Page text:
Intel Core i9-10900K CPU Review Banner

Introduction

Please also check out our full review of the Intel Core i5-10600K CPU and our Intel Z490 Chipset Information article, this article today is our Intel Core i9-10900K review. 

You can always tell when Intel feels remotely threatened by a competitor. It tends to react in a knee jerk fashion, spewing processor models on to the market whether they make a whole lot of sense or not. Intel even tends to launch CPU models whether it can actually supply them or not, but that’s another subject I’ll probably delve into at another time.

After getting beaten by AMD’s Ryzen 3000 series for the better part of a year, Intel has finally reacted and is officially launching it’s 10th Generation Core Desktop Processors. We’ll touch on the other models only slightly. This review is of the Intel Core i9-10900K desktop CPU only. We were sent two review CPUs. The Intel i9-10900K and the Core i5-10600K. You can see Brent’s review of that CPU here. We will get to the other models over time. There simply isn’t enough time allocated before these launches to do the entire series in one go, assuming we’d ever get the entire lineup at once.

Tough Competition

For those of you who are familiar, Intel’s been pummeled by the Ryzen 3000 series for quite some time. It’s then mainstream flagship, the Core i9-9900K was bested in virtually any test outside of the gaming arena. The general consensus was that Intel largely lost that battle despite still being able to claim that it’s 9900K and later 9900KS models were the world’s fastest gaming processors. Intel held this title solidly, but only by an aggregate amount of around 5-6% across the board. Some specific games saw larger gaps in performance favoring Intel while others showed smaller ones. However, in general terms it was Intel’s last bastion of dominance.

In multi-threaded workloads, we saw the 9900K get absolutely destroyed in any workload that could make use of more than 8 threads. I say 8 threads because, after that, Intel had to depend on logical processors where AMD’s 3900X and 3950X had more cores and even more threads after that. There were even times where the much lower-priced 3700X and 3800X processors weren’t far behind or were ahead of Intel as well but at a cost that was substantially less. Intel reacted with price cuts, but it’s fair to say that enthusiasts largely favored AMD for price/performance or raw performance unless gaming was their only goal.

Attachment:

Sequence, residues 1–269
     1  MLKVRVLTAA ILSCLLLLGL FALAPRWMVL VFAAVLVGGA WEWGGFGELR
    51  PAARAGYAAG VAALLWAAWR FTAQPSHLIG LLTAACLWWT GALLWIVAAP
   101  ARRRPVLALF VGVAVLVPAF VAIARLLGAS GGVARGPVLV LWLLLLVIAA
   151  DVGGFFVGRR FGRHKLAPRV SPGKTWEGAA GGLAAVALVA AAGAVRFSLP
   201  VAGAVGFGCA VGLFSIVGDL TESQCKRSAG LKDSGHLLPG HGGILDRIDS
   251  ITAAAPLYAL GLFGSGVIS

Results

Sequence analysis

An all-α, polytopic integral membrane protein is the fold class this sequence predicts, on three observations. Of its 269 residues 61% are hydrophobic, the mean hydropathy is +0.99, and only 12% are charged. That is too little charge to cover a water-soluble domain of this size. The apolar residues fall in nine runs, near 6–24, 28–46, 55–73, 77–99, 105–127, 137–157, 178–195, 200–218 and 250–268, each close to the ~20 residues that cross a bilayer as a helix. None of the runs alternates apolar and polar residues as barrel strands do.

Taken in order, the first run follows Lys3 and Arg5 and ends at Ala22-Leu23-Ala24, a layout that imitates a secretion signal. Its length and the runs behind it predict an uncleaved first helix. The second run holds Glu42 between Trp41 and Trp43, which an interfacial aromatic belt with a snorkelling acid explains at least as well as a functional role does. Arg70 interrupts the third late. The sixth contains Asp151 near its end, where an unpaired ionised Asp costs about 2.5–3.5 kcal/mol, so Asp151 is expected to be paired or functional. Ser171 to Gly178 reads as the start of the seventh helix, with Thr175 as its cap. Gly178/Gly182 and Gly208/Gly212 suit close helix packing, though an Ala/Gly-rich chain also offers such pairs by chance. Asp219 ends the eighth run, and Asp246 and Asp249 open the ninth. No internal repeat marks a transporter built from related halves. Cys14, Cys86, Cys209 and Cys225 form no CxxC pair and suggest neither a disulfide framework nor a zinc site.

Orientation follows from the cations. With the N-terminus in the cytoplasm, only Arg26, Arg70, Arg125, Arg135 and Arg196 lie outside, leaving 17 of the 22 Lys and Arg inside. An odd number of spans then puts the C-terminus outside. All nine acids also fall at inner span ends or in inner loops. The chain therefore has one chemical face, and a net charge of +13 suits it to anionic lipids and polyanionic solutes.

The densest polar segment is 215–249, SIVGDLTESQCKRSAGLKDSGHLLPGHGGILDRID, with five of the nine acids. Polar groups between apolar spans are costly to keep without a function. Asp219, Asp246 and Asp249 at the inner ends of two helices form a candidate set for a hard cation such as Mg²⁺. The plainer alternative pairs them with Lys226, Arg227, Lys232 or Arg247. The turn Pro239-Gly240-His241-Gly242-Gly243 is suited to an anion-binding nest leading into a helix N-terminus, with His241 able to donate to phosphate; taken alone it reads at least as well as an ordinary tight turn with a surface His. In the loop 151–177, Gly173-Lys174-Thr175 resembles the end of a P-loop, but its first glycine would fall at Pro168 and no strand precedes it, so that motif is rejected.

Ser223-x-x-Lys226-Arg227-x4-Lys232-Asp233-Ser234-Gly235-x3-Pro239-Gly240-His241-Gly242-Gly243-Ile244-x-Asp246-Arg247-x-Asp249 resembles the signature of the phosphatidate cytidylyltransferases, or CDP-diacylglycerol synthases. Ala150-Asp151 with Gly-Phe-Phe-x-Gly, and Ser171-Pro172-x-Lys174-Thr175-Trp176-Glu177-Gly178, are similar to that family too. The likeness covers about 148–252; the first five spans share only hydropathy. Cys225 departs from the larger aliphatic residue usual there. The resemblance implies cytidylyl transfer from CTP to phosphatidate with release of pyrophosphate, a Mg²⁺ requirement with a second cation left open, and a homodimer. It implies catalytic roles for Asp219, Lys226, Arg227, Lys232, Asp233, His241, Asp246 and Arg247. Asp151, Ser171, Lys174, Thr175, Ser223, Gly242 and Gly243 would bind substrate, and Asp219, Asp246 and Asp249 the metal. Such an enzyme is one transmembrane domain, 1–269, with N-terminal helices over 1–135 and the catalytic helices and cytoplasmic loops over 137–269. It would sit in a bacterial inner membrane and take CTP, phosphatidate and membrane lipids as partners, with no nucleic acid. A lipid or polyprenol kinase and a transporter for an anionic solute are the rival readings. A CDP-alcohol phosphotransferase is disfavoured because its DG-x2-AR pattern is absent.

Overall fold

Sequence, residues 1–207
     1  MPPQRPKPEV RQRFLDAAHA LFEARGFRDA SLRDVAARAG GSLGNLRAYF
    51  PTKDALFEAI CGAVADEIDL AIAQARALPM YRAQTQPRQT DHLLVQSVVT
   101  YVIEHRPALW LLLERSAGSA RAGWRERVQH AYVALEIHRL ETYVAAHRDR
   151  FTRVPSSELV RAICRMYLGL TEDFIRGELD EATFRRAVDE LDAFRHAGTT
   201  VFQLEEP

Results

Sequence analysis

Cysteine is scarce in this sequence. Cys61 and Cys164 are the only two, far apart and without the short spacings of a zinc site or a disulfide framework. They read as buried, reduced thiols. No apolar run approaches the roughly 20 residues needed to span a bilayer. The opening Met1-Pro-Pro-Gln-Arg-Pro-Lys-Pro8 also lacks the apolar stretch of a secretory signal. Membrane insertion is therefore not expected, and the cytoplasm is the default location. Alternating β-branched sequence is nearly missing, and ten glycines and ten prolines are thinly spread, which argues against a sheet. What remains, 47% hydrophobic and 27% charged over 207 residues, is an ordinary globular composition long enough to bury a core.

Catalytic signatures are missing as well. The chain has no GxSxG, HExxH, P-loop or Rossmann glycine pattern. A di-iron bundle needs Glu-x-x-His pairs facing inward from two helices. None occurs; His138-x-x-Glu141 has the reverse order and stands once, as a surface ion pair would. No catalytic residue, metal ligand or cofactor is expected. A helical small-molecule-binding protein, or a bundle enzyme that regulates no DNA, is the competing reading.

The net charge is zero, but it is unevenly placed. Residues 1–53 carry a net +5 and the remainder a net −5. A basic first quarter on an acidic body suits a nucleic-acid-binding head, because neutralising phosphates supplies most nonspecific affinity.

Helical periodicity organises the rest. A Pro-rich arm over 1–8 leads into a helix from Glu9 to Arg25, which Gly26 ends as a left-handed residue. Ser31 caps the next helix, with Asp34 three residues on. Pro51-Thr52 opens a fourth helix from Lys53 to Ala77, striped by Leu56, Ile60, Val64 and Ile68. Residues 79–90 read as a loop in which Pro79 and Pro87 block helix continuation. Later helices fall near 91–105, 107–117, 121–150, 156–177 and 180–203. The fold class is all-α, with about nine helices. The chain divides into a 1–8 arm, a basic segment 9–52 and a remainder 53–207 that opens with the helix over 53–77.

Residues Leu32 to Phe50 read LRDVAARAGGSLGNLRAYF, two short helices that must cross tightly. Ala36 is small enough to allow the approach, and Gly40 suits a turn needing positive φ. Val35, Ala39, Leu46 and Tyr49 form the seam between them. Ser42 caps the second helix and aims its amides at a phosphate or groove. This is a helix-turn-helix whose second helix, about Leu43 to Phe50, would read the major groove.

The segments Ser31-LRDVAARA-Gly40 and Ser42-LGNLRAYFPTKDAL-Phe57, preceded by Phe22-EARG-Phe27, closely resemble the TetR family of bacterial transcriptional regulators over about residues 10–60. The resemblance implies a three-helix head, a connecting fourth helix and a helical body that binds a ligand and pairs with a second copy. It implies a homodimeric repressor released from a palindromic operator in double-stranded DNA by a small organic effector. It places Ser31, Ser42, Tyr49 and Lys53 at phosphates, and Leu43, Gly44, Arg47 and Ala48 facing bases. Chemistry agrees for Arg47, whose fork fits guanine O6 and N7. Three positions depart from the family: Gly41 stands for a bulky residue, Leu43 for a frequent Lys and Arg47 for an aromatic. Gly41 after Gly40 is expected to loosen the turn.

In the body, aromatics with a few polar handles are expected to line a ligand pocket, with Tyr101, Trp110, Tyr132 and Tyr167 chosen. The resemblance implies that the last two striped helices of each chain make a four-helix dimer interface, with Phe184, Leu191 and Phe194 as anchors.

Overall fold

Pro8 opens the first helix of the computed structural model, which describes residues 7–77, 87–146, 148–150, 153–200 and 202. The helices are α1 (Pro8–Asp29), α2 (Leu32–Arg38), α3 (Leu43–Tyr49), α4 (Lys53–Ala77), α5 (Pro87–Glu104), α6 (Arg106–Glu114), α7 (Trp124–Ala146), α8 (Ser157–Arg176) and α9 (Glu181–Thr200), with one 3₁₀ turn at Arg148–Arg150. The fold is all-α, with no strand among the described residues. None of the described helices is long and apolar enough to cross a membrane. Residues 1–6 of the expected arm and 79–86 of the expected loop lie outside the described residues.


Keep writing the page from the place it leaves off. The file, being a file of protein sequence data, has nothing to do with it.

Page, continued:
Even then, AMD’s platform has a much longer life span to it and an actual upgrade path. Intel’s LGA 1151 socket was known to be at the end of the line when CPU’s like the 9900KS were launching. This is a problem shared by Intel’s HEDT flagship, the 10980XE. X299 is rather long in the tooth as is LGA 2066. AMD’s AM4 is still going strong and represented a better investment that was surely worth a slight trade-off in gaming performance when we are talking about 6% or less of a difference. A difference largely obfuscated by GPU performance anyway.

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8 Comments

  1. So the memory on the Zen system was 3200 or 3600? I know the kit was 3600 but I am just double checking.
  2. It was set to DDR4 3200MHz speeds which is our testing standard for everything unless otherwise noted. If you look at the specification table, I list the part number for the RAM and then the speed used. That’s how I do it for all of these.